Consumers are continuing to steal from retailers at a staggering rate, with a study showing retail theft increased with 5.6 per cent to $2.75 billion in Australia in the past 12 months, with apparel, cosmetics and hardware the most stolen items.
Mark Gentle, managing director of Checkpoint Systems said that Australian consumers and businesses alike have been affected by the economic downturn, so has investment in security strategies to guard against theft and loss been reduced, leaving the doors wide open for a new kind of thief – mums, white collar professionals and older people rather than the opportunistic thieves of the last five years.
This increase in theft has meant that the costs of shrinkage to the retailer bottom line is being passed onto Australian households, that are being charged an additional $280 in ‘honesty tax’ to help retailers to cover the costs of shrinkage.
However, according to the third annual Global Retail Theft Barometer (GRTB) the level of investment in loss prevention technology was down 12 per cent on last year.
Gentle said that while retailers have had to cut budgets in most areas, this year’s study shows the adverse effect of cutting spending too deeply in the area of loss prevention.
"The Global Retail Theft Barometer demonstrates that there is a direct correlation between investment in loss prevention and retail shrinkage. Prudent spending in this area can have a very positive effect on bottom-line numbers.
"The increase in theft in the apparel, cosmetics and hardware areas demonstrate that there is a need for more sophisticated security in-store. Australia has the most open merchandising format in Asia Pacific which is very attractive to both new and traditional offenders," he said.
The research shows that only 53 per cent of the planned increased spending on crime prevention hardware and software were actually realised.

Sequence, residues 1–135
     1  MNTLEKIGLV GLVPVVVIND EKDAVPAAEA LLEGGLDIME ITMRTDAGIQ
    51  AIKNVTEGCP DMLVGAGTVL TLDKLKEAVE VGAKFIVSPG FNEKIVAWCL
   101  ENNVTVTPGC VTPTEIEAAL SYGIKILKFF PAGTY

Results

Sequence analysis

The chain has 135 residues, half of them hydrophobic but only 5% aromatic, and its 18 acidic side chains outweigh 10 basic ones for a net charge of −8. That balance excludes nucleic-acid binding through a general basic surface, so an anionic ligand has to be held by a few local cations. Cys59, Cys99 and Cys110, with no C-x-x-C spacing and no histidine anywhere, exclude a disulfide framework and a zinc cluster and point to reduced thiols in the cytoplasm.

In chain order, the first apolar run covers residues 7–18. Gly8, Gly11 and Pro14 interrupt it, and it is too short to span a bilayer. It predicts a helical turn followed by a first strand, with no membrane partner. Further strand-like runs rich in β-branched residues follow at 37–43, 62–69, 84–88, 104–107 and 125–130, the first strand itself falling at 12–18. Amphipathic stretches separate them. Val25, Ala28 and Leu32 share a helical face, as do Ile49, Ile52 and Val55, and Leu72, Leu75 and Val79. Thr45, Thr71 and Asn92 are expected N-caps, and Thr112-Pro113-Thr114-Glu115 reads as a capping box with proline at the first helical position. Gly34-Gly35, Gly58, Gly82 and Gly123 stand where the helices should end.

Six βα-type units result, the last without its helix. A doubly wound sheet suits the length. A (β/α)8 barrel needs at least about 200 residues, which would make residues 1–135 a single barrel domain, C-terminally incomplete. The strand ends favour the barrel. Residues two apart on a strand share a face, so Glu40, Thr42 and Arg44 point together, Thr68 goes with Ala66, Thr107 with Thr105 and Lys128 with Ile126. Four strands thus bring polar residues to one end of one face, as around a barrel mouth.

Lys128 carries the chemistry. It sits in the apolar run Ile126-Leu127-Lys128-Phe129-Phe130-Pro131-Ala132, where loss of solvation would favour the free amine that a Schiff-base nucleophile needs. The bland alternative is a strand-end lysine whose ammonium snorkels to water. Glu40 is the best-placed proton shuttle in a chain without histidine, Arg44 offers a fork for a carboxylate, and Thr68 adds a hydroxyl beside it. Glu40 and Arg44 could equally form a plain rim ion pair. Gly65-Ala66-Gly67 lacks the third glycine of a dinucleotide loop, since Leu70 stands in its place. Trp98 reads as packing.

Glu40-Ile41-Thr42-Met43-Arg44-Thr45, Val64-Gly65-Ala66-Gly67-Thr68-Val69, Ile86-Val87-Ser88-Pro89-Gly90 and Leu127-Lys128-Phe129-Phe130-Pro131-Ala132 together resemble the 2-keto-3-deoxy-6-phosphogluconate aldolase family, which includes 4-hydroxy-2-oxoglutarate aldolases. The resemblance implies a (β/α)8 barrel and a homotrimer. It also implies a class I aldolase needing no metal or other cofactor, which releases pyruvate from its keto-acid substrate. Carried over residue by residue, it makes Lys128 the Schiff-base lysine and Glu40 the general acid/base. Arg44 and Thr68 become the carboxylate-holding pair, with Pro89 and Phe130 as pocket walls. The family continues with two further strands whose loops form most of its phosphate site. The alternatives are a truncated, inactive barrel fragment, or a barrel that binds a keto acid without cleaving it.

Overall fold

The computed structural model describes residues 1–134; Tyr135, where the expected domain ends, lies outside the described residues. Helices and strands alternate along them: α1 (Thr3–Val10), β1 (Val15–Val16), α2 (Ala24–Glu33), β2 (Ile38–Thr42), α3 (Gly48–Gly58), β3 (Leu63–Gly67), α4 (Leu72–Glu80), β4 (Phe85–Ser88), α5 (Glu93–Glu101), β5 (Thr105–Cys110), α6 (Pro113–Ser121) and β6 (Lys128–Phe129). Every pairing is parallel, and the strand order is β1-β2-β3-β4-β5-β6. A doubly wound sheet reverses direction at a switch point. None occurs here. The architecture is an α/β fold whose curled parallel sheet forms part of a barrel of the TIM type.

“The 2009 study also found that globally, retailers decreased their spending on loss prevention and security by $1.123 billion, no doubt in response to their general need to trim budgets in tough times,” said Professor Joshua Bamfield, director of the Centre for Retail Research and author of the study.
“However, the correlation between $900 million in decreased security spending and a $12.42 billion increase in theft is very significant. It highlights the importance of continued advancement and improvement of loss prevention programs, as reducing theft is key to the success and growth of retailers’ businesses,” he said.
Loss prevention spending in 2009 for Australia was equivalent to an average of 0.35 per cent of retail sales, compared to a global average of 0.31 per cent.
Retailers attribute one third of the increase in shoplifting to the global financial crisis (GFC) and many have also noted a change in the type of offender and the type of products stolen.
“There is criminological evidence that crime rises as economic conditions worsen and there are indications that crime is now a much more important issue for retailers than two or three years ago when many thieves were opportunistic youngsters,” said criminologist Dennis Challinger, Honorary Fellow at the University of Melbourne.
“Now we are seeing mothers, white collar professionals, and older Australians stealing from shops, and organised thieves are becoming more prevalent. Some shop thieves may be facing real hardship. People whose family income has fallen because of unemployment or reduced working hours may feel forced to steal in order to maintain their previous lifestyle."
The Checkpoint Systems study monitored the costs of shrinkage and crime in the global retail industry between July 2008 and June 2009, confirming that the level of global retail theft reached $143.32 billion in 2009, representing a significant increase of 5.9 per cent or approximately $12.86 billion.